Amin Kef Sesay: Sierra Leone Telegraph: 11 August 2020:
Police brutality or police violence is defined as a civil rights violation where law enforcement officers exercise undue or excessive force against a subject. This includes, but is not limited to bullying, physical or verbal harassment, physical or mental injury, property damage and death.
Back in 2016 or 2017, the killing of two people at a protest launched a debate about the tactics of the police. Other than that, killing of people by Police in Tonkolili, Freetown, Makeni and other places mean that it is high time we as a nation confront the issue of Police lawlessness with impunity.
The crux of the matter is: How do you maintain law and order in a civilized nation? Does it require the use of guns and firing of live ammunition?
Makeni is not the first time that Police have killed innocent citizens. What is troubling about Police killings is that nothing seems to come out of the numerous investigations that follow. This leaves frustrated victims and their families without justice.
In Makeni and other places where Police have wantonly killed civilians, people no longer have trust in the Police. It can be recalled that following the Kabala incident some years back, a press release from the Campaign for Human Rights and Development International (CHRDI), said that: “For far too long, there has been double standards in place for Police Officers involved in incidents of brutality and misconduct. The ease with which Police Officers use live bullets to disperse unarmed protesters is a very worrying sign for peace and tranquillity and the country’s political future.”
Superintendent Brima Kamara, Head of the Sierra Leone Police’s Media and Public Relations denied the allegations, pointing finger instead at protesters for taking the law into their own hands.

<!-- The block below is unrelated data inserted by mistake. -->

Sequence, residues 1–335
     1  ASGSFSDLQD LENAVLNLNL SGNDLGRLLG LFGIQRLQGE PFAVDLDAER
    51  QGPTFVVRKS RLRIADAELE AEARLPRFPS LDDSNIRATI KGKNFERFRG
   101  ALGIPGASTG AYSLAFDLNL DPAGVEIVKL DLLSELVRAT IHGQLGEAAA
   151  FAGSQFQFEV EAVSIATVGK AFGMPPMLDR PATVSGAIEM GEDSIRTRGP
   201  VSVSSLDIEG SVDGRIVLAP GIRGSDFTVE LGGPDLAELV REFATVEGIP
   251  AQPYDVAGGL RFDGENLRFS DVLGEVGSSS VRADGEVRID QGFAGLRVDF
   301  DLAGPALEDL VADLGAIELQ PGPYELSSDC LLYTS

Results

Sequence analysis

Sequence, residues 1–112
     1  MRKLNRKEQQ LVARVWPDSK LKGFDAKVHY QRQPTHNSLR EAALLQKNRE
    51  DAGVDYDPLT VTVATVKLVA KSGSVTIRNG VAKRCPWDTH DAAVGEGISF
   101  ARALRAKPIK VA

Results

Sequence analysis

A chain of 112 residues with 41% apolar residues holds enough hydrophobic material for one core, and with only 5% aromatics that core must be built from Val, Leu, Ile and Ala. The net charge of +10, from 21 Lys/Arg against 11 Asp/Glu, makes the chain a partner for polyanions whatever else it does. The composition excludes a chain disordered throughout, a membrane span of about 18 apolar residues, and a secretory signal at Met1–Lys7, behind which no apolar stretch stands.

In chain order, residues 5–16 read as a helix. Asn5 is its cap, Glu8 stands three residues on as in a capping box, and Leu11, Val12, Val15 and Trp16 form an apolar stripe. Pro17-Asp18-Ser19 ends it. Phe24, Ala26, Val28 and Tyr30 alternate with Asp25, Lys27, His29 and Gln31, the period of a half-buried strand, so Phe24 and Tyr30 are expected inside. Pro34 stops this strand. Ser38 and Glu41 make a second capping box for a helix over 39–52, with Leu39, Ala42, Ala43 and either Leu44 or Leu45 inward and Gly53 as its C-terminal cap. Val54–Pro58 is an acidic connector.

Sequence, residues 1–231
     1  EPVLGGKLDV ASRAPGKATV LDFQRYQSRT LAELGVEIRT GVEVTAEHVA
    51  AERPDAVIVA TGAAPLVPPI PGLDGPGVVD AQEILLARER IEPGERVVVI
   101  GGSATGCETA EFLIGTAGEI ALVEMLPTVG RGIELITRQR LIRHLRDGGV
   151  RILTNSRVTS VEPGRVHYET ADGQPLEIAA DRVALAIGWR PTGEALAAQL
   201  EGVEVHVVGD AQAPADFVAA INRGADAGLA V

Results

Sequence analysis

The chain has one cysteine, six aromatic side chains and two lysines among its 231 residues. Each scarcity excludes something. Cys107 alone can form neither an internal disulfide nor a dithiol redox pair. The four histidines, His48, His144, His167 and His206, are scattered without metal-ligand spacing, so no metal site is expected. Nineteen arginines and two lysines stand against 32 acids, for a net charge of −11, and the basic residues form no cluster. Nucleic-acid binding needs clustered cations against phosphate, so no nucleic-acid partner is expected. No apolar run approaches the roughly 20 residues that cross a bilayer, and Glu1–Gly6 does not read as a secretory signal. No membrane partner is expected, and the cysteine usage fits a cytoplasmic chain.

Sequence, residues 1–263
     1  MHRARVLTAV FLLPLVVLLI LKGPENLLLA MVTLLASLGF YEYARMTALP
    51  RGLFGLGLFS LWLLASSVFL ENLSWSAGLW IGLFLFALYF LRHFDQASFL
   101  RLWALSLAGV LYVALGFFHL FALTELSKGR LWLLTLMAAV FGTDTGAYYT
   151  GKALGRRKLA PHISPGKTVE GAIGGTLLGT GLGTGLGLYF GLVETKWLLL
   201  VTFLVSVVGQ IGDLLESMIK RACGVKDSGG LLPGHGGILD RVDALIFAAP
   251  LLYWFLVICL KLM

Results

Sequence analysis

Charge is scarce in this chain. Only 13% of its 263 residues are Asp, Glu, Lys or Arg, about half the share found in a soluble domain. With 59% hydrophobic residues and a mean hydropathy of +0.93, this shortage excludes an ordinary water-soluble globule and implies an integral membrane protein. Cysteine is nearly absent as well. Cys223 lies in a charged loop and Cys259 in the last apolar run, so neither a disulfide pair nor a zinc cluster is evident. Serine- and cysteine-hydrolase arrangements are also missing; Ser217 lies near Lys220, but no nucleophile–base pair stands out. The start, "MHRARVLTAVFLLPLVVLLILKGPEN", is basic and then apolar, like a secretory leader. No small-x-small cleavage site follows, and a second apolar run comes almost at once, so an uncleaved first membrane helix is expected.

He maintained that all civil protests must be approved by the Police according to the country’s 1965 Public Order Act. The protesters in Kabala, he said, did not follow this procedure, which was why the Police had to fire tear gas. In the heat of the moment, Kamara adds, the protesters started throwing stones and other missiles at the Police.
What the Executive Director of the Institute for Governance Reform (IGR) Andrew Lavali said is that in the twenty first century, there are alternatives to the use of bullets for crowd control. “Most of the circumstances leading to the use of live bullets in Sierra Leone over the past years are not warranted; they do not meet the minimum threshold,” he said.
The right to protest, he maintained is a “constitutional provision that must be respected by law enforcers. Any loss of civilian life in a protest must be thoroughly and speedily investigated and culprits brought to book.”
Lavali said that as monitors of peace and governance in Sierra Leone, they have found that: “Most incidences of shootings and unlawful killings of civilians are not investigated, and [as] such serve as motivation for reoccurrence of the problem.”
Responding, Superintendent Kamara agreed that the Police should be on the side of the people, including those that are not part of any protests.
“Our responsibility is to protect lives and property, and when we realize that these lives and property will come under threat during a proposed protest, we are bound to prevent it,” he said.
The nation looks forward to seeing the Police using more humane crowd control measures to deal with protesters and demonstrators because it is their right as citizens in a democracy and for Police Officers who deliberately use excessive forces against unarmed civilians brought to book as deterrence to others.